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Why Chaplains Should Always Look their Patients in the Left Eye 👁️

As a Clinical Pastoral Educator, I'm continuously exploring ways to deepen our connection with those we serve. A recent discussion between a neuroscientist, Dr. Tara Swart, and podcaster Steven Bartlett, sheds light on a simple, yet profound aspect of human connection - the power of eye contact, specifically, looking into someone's left eye.

The neuroscience behind this is fascinating. The conversation explains how, from infancy, our emotional resonance and social behaviors are significantly influenced by eye contact. For babies, this journey of emotional understanding begins with the right eye of the mother aligning with the baby's left eye, especially common as right-handed mothers often hold their baby in their left arm. This alignment is more than just a gaze; it's a gateway to deeper emotional connections.

This right-to-left eye contact activates the optic nerve and interacts with the amygdala, a crucial area for emotional processing in the brain. It forms what is described as an emotional resonance loop, essential in the bonding process.

As chaplains, understanding this could transform our pastoral care. When we consciously make eye contact with a patient's left eye, we may be tapping into a deeper level of emotional connection, akin to the bond shared between a mother and child. This practice isn't just about seeing, but truly connecting and resonating on an emotional level.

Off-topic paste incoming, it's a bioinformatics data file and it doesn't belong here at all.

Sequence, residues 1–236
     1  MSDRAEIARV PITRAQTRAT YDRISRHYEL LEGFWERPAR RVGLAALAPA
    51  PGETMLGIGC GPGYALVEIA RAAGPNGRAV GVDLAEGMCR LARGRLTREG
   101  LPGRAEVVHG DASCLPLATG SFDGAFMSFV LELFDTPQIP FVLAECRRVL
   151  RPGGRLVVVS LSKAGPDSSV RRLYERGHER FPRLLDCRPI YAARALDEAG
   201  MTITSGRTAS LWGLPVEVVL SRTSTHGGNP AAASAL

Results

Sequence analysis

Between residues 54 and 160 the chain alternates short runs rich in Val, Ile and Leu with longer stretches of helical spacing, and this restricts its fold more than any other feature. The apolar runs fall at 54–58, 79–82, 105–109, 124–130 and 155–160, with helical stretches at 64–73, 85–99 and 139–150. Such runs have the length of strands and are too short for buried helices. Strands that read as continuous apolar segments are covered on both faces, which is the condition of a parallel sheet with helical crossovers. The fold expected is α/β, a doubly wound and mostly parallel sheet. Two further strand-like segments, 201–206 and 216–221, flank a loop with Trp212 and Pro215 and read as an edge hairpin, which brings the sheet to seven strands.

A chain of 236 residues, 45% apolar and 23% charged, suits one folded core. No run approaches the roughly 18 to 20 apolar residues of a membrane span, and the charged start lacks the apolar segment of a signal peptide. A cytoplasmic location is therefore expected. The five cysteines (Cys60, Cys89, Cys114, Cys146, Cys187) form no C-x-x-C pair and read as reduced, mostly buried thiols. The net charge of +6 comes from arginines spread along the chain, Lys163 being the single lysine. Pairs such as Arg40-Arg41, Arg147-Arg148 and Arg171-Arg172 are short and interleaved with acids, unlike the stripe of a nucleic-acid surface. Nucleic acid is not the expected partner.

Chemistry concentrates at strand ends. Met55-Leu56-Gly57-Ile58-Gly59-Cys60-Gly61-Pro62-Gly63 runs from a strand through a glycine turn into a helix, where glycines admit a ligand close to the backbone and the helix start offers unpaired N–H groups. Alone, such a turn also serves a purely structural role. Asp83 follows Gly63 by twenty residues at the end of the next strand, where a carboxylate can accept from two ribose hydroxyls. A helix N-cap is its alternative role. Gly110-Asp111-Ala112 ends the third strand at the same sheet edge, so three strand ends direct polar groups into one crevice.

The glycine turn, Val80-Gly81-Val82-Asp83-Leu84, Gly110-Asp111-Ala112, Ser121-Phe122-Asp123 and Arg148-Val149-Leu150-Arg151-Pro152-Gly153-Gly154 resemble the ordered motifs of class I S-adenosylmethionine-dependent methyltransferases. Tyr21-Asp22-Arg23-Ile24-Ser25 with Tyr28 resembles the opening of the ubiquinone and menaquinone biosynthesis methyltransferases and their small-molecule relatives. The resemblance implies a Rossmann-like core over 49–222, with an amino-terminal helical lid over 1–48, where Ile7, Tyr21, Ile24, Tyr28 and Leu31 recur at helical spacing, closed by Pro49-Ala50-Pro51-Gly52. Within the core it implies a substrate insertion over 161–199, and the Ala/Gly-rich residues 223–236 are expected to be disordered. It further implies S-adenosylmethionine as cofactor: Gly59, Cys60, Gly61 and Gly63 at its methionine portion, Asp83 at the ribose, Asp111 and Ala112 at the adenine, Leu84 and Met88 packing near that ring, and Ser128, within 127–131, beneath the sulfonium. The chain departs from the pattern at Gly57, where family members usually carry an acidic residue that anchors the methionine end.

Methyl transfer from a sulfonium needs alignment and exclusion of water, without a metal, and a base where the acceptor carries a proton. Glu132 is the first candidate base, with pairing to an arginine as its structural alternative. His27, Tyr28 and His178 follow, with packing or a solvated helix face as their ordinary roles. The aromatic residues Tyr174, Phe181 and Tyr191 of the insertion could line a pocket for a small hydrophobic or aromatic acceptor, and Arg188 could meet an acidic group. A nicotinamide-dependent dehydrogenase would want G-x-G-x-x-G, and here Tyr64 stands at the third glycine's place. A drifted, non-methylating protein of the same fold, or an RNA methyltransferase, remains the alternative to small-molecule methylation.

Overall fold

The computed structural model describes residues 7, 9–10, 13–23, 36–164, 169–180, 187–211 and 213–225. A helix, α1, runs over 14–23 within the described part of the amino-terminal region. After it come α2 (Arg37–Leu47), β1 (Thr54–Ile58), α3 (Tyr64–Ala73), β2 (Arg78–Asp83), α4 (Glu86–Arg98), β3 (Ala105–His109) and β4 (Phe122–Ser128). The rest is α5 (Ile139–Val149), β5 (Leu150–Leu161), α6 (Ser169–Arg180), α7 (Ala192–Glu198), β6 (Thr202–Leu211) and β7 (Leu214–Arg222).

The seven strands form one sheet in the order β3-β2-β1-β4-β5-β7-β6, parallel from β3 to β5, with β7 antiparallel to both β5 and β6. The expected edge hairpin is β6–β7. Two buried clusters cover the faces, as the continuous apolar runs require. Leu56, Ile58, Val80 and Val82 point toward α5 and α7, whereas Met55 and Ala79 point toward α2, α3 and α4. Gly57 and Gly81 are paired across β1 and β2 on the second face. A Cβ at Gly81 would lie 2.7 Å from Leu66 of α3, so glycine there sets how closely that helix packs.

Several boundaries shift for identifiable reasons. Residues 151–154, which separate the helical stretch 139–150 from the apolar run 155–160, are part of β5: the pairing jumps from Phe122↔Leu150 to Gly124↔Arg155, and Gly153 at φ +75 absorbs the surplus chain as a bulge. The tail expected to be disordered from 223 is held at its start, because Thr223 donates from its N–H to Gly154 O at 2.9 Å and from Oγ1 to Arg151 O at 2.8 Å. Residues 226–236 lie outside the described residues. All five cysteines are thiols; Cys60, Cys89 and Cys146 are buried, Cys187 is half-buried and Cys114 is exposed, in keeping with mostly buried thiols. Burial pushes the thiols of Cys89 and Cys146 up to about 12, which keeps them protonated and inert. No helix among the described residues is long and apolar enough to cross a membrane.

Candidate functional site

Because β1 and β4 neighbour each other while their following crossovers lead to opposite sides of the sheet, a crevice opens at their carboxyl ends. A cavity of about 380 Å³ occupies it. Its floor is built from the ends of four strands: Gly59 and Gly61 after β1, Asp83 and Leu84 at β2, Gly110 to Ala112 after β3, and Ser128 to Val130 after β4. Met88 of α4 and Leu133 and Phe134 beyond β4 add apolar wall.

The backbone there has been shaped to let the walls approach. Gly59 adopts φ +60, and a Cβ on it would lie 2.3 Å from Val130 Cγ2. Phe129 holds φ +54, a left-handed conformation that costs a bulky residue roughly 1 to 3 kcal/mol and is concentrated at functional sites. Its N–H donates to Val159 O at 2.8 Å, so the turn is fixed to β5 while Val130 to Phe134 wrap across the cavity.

This approach could be particularly impactful in our ministry, allowing us to foster a sense of safety, understanding, and empathy. It's a reminder that sometimes, the simplest actions can hold the most profound impact on our ability to connect and provide comfort.

To learn more about this fascinating topic, check out this insightful video.

To learn even more buy Dr. Tara Swart's book, The Source.

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